In a classroom, the teacher and other students play an important role in regulating individual and group learning. However, the sudden shift to remote and online learning, as a result of social isolation during COVID-19, has created a social disconnect, making these immediate regulatory supports less accessible. A need was identified for strategies to support collaborative learning regulation when learning remotely and online.
Drawing on models of self-, co, and socially shared learning regulation, a series of resources were developed for students, teachers and parents to support effective online collaborative learning. These strategies embedded evidence-based principles of learning drawn from the learning sciences, including elaboration, retrieval, dual coding and concrete examples.
A set of ten student resources have been developed, accompanied by supporting information and strategies for teachers and families. These resources have been shared with schools across Australia.
These evidence-based strategies are valuable, as they are addressing an identified urgent community need. Based on the science of learning, these strategies are original in synthesising effective learning techniques with the three forms of learning regulation to encourage student connection and collaboration in online and remote learning.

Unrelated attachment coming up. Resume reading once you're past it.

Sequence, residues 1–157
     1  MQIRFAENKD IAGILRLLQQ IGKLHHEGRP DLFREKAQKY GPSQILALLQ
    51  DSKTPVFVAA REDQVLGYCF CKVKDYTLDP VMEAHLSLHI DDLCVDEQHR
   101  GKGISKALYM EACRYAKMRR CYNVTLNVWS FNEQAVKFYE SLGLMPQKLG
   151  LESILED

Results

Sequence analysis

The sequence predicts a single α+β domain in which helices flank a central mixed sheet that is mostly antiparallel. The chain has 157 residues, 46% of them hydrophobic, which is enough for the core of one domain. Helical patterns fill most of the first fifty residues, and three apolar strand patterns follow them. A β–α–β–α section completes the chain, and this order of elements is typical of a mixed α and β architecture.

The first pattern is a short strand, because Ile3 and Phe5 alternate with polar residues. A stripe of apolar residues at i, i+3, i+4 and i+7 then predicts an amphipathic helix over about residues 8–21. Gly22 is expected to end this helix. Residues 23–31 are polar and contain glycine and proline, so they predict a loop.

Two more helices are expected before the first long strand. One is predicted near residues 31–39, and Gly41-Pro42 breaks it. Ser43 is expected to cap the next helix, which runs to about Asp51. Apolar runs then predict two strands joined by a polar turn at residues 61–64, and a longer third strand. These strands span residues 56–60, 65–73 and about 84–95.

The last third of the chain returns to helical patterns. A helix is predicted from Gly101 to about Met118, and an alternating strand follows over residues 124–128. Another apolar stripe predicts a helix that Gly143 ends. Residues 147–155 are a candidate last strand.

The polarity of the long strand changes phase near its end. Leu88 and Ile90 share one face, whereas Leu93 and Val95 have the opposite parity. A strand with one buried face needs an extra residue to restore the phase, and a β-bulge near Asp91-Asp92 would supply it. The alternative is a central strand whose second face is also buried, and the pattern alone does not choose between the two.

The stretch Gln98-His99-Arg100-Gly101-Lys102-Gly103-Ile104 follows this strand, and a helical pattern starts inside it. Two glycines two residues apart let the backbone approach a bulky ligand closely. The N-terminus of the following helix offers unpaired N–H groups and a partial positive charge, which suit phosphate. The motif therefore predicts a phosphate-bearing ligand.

MacMahon, S., Leggett, J. and Carroll, A. (2020), "Promoting individual and group regulation through social connection: strategies for remote learning", Information and Learning Sciences, Vol. 121 No. 5/6, pp. 353-363. https://doi.org/10.1108/ILS-04-2020-0101Download as .RIS
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Copyright © 2020, Emerald Publishing Limited
Self-regulated learning (SRL) – the metacognitive awareness and control of an individual’s thoughts, behaviours, and motivations as they work towards identified learning goals – plays a fundamental role in promoting learning (Järvelä and Hadwin, 2013; Zimmerman, 2002). In a classroom environment, teachers and often other students play an important role in regulating individuals’ learning: motivating and supporting students to plan, monitor and evaluate their own learning. However, the sudden shift to remote and online learning as a result of social isolation during the COVID-19 pandemic has created a social disconnect, making these immediate regulatory supports less accessible. Individual students and their families now have to take on greater responsibility to regulate learning from home, a task for which they may be under-prepared. If left unchecked, poor learning regulation may hinder student learning. Furthermore, the social disconnect may erode a students’ sense of belonging, an important motivator. This real and urgent dilemma is one that the Science of Learning Research Centre (SLRC) has responded to with the development of a range of resources to support the broader learning community.